This is the second in a series of posts and videos about our summer 2012 visit to Oregon.
We traveled from Portland through Sandy, Oregon via a scenic byway where we saw our first mule deer of the trip as well as plenty of twists and turns and farms along the way. As we approached Government Camp and Mt. Hood from the west and south, we caught brief glimpses of this highest peak in Oregon in between miles of green forest-lined road. Mt. Hood is the only year-round ski area in Oregon, and the snowboarders were flocking to it on this day.
When we arrived at Timberline Lodge on the morning of June 14th, we learned that a very experienced climber had fallen from about the 10,000-ft. mark and died. The rescue, or rather recovery effort, was underway. It was sad news, but I can’t think of a better way to die than doing something you love. We watched with fascination as the recovery team did its work 4000 feet above us.
We spent some time exploring the beautiful, historic Timberline Lodge, built in the 1930’s as a “make work project” after the Depression. It was dedicated in 1937 by Franklin Roosevelt. When you wander through it and look at the construction, you wonder how such an massive structure got built way back then. It is truly remarkable. When you visit, be sure to check out the restaurants – the food at the Ram’s Head Bar is first rate!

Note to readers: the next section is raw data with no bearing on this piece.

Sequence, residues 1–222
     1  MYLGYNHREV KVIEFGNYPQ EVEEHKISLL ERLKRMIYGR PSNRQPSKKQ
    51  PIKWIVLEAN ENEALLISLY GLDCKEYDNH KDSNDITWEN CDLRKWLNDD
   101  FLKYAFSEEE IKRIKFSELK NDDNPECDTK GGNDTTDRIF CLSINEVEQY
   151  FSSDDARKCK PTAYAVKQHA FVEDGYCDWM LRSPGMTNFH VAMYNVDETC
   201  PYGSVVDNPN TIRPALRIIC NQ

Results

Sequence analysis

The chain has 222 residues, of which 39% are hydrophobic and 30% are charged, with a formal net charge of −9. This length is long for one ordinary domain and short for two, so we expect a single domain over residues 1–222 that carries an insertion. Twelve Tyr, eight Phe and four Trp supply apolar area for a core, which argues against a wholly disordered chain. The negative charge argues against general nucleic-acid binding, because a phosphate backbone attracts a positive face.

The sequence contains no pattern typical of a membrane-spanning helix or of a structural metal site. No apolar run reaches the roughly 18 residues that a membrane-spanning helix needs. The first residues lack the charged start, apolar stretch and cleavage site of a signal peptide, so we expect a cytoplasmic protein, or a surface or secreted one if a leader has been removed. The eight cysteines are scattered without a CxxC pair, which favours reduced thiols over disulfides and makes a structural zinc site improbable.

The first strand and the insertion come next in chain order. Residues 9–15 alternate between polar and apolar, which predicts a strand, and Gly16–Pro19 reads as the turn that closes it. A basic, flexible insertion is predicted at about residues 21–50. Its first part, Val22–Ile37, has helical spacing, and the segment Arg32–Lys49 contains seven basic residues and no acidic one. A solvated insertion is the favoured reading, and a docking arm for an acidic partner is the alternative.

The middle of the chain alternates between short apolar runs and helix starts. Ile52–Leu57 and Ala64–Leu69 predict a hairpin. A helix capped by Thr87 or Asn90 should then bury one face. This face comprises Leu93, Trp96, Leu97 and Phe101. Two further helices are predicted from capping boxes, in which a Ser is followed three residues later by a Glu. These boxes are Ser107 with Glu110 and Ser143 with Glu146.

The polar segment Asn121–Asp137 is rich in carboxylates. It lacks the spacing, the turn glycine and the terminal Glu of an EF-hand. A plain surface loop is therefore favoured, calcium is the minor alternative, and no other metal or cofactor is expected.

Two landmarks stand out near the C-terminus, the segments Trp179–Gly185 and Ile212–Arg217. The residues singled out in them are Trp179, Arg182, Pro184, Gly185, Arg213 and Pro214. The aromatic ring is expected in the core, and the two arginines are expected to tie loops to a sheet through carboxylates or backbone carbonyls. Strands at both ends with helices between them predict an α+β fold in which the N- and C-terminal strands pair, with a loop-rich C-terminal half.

Instead of staying there, though, we stayed in Government Camp down the mountain. It’s so named due to the U.S> Mounted Riflemen getting bogged down in mud and snow and abandoning 45 wagons and losing 100’s of cows and mules at this spot. It’s now a cute little community that caters to people who come to Mt. Hood to play – mostly skiers, snowboarders, and in the summer, hikers and bikers. If you go, eat at the Ratskellar Alpine Bar and Pizzeria! Great people, great food, great beer!
While in the area we hiked two trails that were recommended to us – the Mirror Lake Trail and the Trillium Lake Trail. Mirror Lake Trail was a beautiful switchback-filled trail up the mountain to the lake, where you get a surprise view of the top of Mt. Hood. It was a great birding spot, too, by the way. Trillium Lake Trail is a little further north off Hwy 26 and is a relatively flat trail around the edge of the lake with magnificent views of Mt. Hood. Popular with the locals probably due to ease of access and fishing opportunities.
This video shows some of the highlights of our Mt. Hood experience – enjoy!